Eslich Wrecking uses high-reach demolition tools to bring down a building in downtown Akron, Ohio.

The Eslich name has become synonymous with demolition in northeast Ohio. At any given time, excavators bearing the Louisville, Ohio-based demolition firm’s name can be found tearing away on a host of projects ranging from commercial and industrial buildings in Akron, schools in Cleveland, houses in Canton, or even roller coasters at Cedar Point in Sandusky. Each demolition project provides a unique set of challenges, and with 60 years of experience, Eslich is well equipped to bring it down.

“We like the industrial and commercial projects,” says John Eslich, vice president Eslich Wrecking. Eslich is up for the challenge. Though not as large as other firms in the area, it is competitive, winning some of the more difficult projects—ones that are taller or have buildings next to them that need to stay.

Projects like smoke stacks and water towers fall right within Eslich’s wheelhouse. “The harder the better,” John says.

Using the slogan, “You name it, we wreck it,” the company performs projects “of any size” mainly in Ohio, West Virginia and Pennsylvania but is capable of going anywhere in the U.S.

“As a family owned company, we don’t have a big corporate structure,” says John. “We are a smaller company that can do a large project. We are easy to get a hold of and meet up with. We have deep roots in the community, so we want to do a good job.”

According to John, “Every job comes back to you. If you do it right, it will come back to you in a good way.”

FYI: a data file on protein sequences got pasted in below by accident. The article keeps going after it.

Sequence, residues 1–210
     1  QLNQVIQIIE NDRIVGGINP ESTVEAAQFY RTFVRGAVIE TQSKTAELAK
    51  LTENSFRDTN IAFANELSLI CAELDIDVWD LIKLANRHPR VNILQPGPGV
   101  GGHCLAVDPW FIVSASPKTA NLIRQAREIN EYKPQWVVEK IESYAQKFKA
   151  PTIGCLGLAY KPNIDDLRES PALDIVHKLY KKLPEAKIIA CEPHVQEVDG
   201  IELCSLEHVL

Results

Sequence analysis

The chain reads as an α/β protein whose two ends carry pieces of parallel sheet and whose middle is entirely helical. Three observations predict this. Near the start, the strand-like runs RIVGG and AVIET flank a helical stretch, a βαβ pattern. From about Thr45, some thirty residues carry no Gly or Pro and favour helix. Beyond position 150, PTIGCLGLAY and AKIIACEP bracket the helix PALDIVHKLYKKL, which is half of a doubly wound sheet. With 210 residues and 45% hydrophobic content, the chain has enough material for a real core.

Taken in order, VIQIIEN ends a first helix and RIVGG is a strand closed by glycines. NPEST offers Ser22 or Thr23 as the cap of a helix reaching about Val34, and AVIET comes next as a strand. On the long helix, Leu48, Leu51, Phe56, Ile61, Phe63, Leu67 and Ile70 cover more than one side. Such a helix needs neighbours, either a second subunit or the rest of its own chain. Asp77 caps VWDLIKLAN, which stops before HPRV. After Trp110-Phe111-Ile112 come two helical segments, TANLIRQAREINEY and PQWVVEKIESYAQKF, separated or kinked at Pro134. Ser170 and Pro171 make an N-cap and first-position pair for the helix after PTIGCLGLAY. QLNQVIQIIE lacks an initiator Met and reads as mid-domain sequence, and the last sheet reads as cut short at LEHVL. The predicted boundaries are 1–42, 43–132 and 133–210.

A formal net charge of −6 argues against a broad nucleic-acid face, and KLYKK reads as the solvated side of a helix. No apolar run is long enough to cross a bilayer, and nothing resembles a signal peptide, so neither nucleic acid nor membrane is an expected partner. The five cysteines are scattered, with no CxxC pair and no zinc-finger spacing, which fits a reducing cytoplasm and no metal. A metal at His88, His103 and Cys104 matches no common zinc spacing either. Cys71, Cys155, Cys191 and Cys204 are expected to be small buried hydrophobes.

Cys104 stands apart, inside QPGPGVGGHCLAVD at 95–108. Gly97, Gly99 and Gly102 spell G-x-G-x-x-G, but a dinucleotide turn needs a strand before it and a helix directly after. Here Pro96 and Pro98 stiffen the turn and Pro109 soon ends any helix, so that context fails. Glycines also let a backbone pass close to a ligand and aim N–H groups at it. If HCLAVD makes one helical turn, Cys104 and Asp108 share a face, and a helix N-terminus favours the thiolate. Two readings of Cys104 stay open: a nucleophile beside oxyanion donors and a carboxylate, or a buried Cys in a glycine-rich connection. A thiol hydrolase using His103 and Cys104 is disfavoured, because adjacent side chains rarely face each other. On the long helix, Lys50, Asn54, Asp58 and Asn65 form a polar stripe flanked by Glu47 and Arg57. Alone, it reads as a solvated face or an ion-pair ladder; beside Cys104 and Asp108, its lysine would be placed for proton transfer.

In addition to demolition, the company also operates C&D landfills in Norton and East Canton, Ohio, and operates a concrete crushing plant in Akron, Ohio.

The company has trucks, portable crushers, and about 30 Caterpillar and Komatsu excavators in various size classes. Stanley LaBounty and Allied Gator shears and pulverizes are among the attachments the company uses in its projects.

The company was founded by Michael Eslich in 1956, and today led by Richard Eslich Sr. along with his sons John, Richard Jr., and Matt. The company has more than 60 team members, some of whom have been employed by Eslich Wrecking for more than 30 years.

John started working in the family business in high school. He earned a degree in accounting from John Carroll University and after graduation in 1991, he returned to the company full time.

His first order of business was to bring some technology to the company. He also made sure he had all the training and certifications he needed to be compliant with safety, hazardous materials and asbestos requirements.

He recalls the business operating a bit differently all those years ago than it does today. Nowadays a lot more paperwork is needed and people can communicate with each other instantly. Twenty-five years ago, workers in the field had pagers and had to find the nearest gas station to call the office.

“It is insane now,” John says. “Everything is immediate and quick, which is good because we get more accomplished, but you also lose the personal aspects because we don’t do as much face-to-face. There’s plusses and minuses.”

Whether in person, by email or by phone, John says effective communication is important. “My goal is to treat every customer fairly and do the best I can to be very communicative up front so expectations are met.” Otherwise, he says, “If you ask me to do something and I don’t clearly present my plan to you, once you hire me, it may not come out how you had in mind.”